MRI findings in a cohort of brain injured survivors of pediatric cerebral malaria.

Am J Trop Med Hyg. 2013 Mar;88(3):542-6. doi: 10.4269/ajtmh.12-0538. Epub 2013 Jan 21.

Kampondeni SD, Potchen MJ, Beare NA, Seydel KB, Glover SJ, Taylor TE, Birbeck GL.

Blantyre Malaria Project, Blantyre, Malawi. s.kampo154@gmail.com

Abstract

Abstract. A prospective cohort study of retinopathy-confirmed cerebral malaria (CM) survivors identified 42 of 132 with neurologic sequelae. The 38 survivors with sequelae who were alive when magnetic resonance imaging (MRI) technology became available underwent brain MRIs. Common MRI abnormalities included periventricular T2 signal changes (53%), atrophy (47%), subcortical T2 signal changes (18%), and focal cortical defects (16%). The χ(2) tests assessed the relationship between chronic MRI findings, acute clinical and demographic data, and outcomes. Children who were older at the time of CM infection (P = 0.01) and those with isolated behavioral problems (P = 0.02) were more likely to have a normal MRI. Acute focal seizures were associated with atrophy (P = 0.05). Acute papilledema was associated with subcortical T2 signal changes (P = 0.02). Peripheral retinal whitening (P = 0.007) and a higher admission white blood cell count (P = 0.02) were associated with periventricular T2 signal changes. Chronic MRI findings suggest seizures, increased intracranial pressure, and microvascular ischemia contribute to clinically relevant structural brain injury in CM.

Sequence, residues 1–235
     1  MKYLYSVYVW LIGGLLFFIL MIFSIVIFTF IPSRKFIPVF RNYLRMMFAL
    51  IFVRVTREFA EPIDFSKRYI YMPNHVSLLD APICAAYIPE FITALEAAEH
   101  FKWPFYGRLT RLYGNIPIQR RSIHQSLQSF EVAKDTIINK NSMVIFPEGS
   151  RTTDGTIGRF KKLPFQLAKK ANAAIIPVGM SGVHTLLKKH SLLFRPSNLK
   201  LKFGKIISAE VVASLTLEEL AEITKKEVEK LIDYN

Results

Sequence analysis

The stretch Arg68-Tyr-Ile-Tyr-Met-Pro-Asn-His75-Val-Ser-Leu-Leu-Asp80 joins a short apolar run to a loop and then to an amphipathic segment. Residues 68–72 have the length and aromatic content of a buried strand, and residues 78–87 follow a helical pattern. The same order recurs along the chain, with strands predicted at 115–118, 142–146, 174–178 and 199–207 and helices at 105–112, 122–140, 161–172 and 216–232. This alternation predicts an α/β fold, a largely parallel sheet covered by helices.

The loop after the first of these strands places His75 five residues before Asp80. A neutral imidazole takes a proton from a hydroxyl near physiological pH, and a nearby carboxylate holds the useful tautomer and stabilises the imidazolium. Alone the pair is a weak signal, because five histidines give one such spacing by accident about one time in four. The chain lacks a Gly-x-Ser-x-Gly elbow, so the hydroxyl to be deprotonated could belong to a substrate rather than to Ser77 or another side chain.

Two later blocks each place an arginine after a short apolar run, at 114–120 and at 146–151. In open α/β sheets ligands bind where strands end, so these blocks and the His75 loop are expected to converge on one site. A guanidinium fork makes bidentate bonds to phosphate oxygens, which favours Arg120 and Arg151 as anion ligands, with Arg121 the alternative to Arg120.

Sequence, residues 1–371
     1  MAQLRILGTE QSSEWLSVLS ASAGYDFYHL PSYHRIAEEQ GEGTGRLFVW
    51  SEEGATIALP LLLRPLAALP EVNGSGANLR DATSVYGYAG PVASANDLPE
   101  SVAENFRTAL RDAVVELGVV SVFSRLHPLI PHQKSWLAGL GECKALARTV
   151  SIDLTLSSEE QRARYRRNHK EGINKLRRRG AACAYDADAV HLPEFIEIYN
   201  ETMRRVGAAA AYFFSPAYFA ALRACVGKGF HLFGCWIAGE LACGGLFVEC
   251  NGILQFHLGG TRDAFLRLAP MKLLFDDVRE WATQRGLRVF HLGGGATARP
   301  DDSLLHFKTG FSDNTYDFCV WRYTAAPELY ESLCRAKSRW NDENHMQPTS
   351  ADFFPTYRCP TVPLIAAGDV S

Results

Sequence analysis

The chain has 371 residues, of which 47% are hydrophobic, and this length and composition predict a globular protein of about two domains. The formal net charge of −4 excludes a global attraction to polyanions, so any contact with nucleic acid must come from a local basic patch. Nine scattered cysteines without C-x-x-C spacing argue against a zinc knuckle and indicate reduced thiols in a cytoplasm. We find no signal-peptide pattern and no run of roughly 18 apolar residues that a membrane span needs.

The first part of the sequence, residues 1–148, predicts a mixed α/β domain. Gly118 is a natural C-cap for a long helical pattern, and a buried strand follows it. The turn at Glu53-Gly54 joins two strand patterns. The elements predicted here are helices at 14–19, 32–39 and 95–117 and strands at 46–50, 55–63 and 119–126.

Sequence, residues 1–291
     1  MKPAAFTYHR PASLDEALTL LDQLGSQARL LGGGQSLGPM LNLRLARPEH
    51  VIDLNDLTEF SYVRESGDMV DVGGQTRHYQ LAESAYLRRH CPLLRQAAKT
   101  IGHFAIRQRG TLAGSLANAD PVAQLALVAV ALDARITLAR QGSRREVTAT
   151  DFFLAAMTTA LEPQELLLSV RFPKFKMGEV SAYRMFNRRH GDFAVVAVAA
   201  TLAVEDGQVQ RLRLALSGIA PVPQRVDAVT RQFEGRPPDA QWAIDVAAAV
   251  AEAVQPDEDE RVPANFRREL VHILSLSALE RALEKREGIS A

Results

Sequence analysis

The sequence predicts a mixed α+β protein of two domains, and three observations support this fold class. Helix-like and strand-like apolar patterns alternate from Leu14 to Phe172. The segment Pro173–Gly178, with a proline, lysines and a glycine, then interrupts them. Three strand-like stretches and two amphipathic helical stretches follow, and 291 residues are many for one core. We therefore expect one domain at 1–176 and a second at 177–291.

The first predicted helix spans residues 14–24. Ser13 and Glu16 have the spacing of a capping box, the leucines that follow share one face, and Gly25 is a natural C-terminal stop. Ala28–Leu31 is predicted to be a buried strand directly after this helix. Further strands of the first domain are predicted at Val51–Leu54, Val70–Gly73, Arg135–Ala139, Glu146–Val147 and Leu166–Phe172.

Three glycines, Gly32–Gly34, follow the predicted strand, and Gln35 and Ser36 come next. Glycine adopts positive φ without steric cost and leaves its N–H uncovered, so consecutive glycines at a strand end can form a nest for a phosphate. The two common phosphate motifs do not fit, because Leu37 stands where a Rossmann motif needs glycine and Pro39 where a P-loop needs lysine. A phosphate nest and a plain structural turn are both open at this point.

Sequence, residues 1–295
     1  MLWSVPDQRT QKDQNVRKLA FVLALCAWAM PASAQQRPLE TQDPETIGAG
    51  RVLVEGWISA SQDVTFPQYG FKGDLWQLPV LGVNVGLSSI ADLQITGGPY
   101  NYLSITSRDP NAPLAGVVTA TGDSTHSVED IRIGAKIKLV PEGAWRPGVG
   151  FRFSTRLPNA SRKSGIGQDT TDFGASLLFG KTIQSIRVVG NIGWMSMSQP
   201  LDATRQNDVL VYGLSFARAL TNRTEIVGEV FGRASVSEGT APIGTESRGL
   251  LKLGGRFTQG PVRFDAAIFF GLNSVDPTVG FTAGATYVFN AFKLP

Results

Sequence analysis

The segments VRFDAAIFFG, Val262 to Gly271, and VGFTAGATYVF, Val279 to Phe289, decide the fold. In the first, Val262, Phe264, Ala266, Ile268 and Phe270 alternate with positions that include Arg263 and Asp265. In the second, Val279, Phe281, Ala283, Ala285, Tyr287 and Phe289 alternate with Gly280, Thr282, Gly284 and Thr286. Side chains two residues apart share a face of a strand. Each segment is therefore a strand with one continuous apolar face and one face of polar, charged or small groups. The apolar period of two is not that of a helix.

PMID:23339204

 

SUPPLEMENTARY:

The study by Kampondeni et al used Brain Magnetic resonance imaging(MRI) on survivors of Retinopathy positive pediatric CM  once they were discovered to have neurologic deficits on quarterly clinical evaluations. The link between PCM and later epilepsy has been established (Birbeck et al, Lancet Neurology). In this study, a. Structural Brain changes on MRI were investigated in survivors with neurlologic deficits, and b. Acute clinical findings were correlated with MRI changes at follow up

Table  1: MRI findings at follow-up in survivors of PCM with neurologic sequelae

Gretchen Birbeck-1

Table  2:Acute Admission PCM clinical findings that correlated with chronic MRI Brain findings

Gretchen Birbeck-2

This study has great relevance in planning the care of children in malaria-endemic countries. First, clinicians assessing children and adolescents who present with seizures, developmental delay and behavioral problems  should consider remote cerebral malaria as a potential cause. Secondly, specific findings during acute CM may be used to isolated children that will later need special care from  lasting structural brain damage.

Gretchen Birbeck-3

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